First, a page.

Here at Design For Use, we take our TV seriously. Whether we’re binge-watching White Collar on Netflix or eagerly awaiting Mad Men every Sunday in the spring at its regularly scheduled time slot, we can’t get enough.
Recently, we’ve been chatting casually about the use of emerging technologies on television. We’re seeing a whole lot of cool new tech (and some old tech in a new light) on TV these days. And sure, a lot of the tech you see on TV might have a little something to do with product placement (i.e., a character using a Mac over a PC because Apple paid more than Toshiba), but that doesn’t diminish the impact of the technology itself; it simply means the tech is so cool that there’s a competitive market out there - which equals more, better, and cooler ideas!
Below are some of our faves from the 2013 TV season.
One of us here at Design For Use (ahem, me, the author) is a diehard, no-holds-barred fan of Grey's Anatomy - and I have been ever since my sister-in-law tricked me into watching by claiming it was better than House. (It’s not, but there’s definitely something about it.)
Anyway, Grey’s is in its tenth season, and it’s probably well past time for them to close up shop, but as long as they’re making new episodes, I can’t quit it. The cool thing is that, in between all the cheating and lying and heart-wrenching deaths, Grey’s has managed to embrace some serious tech trends that are actually making their way into real hospitals and clinics.
Electronic Medical Record (EMR): A couple seasons ago, Grey’s paralleled the increasing shift by real-life doctors and nurses from thick, paper-based patient charts to the more mobile and manageable tablet-based electronic medical record. EMRs are the future of patient recordkeeping, creating a database that allows for easy transfer of medical records, faster data uploads, and increased empowerment by patients to take control of their health and wellness.
3D Printer: Last month, Meredith applied for a research grant to use a 3D printer to create portal veins to implant in patients, thus paving the way for printable organs, muscles, and bones!
Twitter: A few seasons ago, the interns perplexed the attending docs by live-tweeting surgeries from the OR floor. While the veteran docs were initially resistant to the new technology, they discovered its advantages after a harrowing series of unexplained illnesses that needed a combined knowledge base from around the world to solve in one very time-sensitive episode.
This new family comedy is set in the '80s, and let's face it - we all miss the '80s, amIright? Anyway, it's a comedy about growing up in the '80s, and it's chock-full of technology foreshadowing.
Atari, the Sony walkman, the Oregon Trail, and MacGyver are just a few of the tech gems that emerged from the '80s, when things like Xbox, the iPod, Candy Crush, and Michael Westen were just glimmers in the eye of technology.
Check out this hilarious prequel to Facebook courtesy of The Goldbergs:
When mom Beverly Goldberg learns that her husband, Murray, was engaged prior to meeting her in the 1970s, Bev exclaims something along the lines of: “I wish there were some way I could see a picture of her without anyone knowing.” Ohhh Facebook, how you would have made the '80s so much less pure....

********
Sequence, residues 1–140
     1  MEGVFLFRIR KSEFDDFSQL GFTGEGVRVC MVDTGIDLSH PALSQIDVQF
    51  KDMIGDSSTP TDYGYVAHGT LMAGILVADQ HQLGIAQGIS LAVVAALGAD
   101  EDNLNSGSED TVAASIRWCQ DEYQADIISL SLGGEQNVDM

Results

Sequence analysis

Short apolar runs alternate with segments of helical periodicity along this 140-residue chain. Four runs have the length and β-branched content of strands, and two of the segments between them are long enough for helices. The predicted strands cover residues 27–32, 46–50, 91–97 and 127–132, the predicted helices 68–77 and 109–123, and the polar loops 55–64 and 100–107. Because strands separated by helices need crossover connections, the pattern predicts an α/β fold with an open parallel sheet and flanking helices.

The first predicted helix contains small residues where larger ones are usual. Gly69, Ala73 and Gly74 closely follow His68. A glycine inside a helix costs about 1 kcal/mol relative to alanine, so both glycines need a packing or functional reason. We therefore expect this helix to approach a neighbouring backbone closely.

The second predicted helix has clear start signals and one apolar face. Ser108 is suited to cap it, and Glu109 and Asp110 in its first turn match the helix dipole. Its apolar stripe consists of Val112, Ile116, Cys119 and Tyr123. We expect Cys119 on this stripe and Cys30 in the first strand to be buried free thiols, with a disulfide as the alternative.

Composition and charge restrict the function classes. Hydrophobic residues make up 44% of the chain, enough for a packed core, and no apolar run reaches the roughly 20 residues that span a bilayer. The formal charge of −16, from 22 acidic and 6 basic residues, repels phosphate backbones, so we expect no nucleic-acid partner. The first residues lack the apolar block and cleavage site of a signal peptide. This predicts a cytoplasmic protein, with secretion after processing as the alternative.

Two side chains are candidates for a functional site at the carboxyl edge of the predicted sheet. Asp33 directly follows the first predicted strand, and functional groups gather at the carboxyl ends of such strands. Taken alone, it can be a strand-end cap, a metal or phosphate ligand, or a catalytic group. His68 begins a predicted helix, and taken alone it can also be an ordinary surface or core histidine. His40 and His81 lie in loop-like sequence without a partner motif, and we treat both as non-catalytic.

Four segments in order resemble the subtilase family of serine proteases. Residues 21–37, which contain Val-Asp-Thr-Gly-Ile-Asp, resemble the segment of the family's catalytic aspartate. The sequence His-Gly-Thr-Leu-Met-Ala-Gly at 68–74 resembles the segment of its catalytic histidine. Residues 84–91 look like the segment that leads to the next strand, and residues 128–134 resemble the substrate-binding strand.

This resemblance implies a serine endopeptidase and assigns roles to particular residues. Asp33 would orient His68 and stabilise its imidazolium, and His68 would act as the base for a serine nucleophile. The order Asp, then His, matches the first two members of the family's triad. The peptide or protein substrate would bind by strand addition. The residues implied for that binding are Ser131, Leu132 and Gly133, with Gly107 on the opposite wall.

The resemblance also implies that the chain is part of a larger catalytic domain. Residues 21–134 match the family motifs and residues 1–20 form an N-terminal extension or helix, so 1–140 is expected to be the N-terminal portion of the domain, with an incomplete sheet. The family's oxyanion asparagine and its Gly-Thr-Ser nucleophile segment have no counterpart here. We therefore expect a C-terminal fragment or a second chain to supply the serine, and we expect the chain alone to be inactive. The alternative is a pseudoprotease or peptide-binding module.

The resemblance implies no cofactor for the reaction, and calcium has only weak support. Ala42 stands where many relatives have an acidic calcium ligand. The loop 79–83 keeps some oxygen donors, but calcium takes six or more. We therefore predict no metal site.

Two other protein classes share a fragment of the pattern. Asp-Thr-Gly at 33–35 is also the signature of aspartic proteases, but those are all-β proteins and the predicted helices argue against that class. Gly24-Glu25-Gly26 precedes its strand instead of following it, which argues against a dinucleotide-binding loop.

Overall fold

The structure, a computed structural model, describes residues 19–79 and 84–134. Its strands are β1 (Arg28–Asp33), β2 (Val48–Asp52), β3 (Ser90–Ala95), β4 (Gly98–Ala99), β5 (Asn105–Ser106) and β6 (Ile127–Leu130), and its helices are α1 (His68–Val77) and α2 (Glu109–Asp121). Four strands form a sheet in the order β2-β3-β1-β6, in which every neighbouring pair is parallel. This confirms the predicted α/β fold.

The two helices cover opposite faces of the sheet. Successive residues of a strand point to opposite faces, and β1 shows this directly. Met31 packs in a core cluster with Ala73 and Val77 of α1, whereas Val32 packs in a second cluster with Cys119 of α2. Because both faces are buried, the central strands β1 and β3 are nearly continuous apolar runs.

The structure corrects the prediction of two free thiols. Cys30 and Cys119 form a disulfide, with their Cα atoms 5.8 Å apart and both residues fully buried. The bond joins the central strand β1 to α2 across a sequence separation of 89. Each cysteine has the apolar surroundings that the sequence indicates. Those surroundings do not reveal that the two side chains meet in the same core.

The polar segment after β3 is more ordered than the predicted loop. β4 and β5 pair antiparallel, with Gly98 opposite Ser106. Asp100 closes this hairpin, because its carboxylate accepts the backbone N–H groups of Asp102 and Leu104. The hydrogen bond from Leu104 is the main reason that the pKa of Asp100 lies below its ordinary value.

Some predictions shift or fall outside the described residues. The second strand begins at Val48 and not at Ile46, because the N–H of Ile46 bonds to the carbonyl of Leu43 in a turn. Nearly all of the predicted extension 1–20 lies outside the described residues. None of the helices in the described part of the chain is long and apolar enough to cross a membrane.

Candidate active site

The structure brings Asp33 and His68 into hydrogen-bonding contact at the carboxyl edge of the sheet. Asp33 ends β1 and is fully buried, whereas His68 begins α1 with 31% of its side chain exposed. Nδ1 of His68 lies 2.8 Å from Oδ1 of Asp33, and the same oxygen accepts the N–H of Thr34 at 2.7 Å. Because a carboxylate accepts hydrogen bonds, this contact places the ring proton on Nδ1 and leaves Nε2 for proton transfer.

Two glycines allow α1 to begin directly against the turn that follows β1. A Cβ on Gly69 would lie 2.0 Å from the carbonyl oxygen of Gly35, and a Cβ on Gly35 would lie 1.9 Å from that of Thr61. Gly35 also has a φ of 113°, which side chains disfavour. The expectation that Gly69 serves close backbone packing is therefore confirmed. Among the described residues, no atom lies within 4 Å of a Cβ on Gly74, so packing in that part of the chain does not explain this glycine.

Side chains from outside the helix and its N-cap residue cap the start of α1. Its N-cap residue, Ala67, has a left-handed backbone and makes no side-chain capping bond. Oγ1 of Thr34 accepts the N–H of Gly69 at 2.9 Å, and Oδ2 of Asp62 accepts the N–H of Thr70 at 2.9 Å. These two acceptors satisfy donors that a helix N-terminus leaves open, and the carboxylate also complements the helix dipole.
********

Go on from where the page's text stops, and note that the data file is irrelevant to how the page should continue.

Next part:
Then daughter Erica Goldberg suggests that they take a trip to the public library to review the microfiche (!) of the engagement announcement as a solution to her mother’s desire to see Murray’s former fiancee. Cut to a scene at the library where Beverly paces the stacks as Erica trolls the microfiche - mirroring the current tech ecosystem of kids being responsible for navigating tech innovations while the parents are left on the sidelines.
Breaking Bad, Burn Notice, and All Other Shows with Black-Market Anything
Whether it’s drugs, guns, organs, or secrets, any show with involvement in the elusive and all-inclusive Black Market depends enormously on that timeless tech favorite: the burner phone.
Put succinctly by the Urban Dictionary, a burner phone is “a prepaid cellular phone, replaced frequently (weekly) (monthly) to avoid leaving a trail and getting caught up in illegal activities.”
Breaking Bad: Antihero Walter White and adorable sidekick Jesse Pinkman use burners constantly to communicate with each other and their various less-than-honorable cohorts to make and distribute crystal meth.
Burn Notice: Even though he’s one of the good guys, Michael Westen – former CIA spy trying to live under the radar – uses burner phones to communicate with his friends so the authorities (and his enemies) can’t find him.
House of Cards: [Spoiler Alert!] Congressman Francis Underwood gave Zoe Barnes a burner phone so he could leak stories to her and manipulate the system! Typical day on Capitol Hill.
More recent uses for the burner phone have expanded beyond illegal activities and into the immoral: namely, the affair. Especially in political circles. Observe:
Scandal: [Spoiler Alert!] President Grant gave his One True Love, Olivia Pope, a burner so they could have late-night love chats anytime they want.
Those are just a few of our current picks, but what about you? Notice any TV tech trends lately you’d like to share? Tweet me your faves @valletown. #techmytv
Published by Design For Use.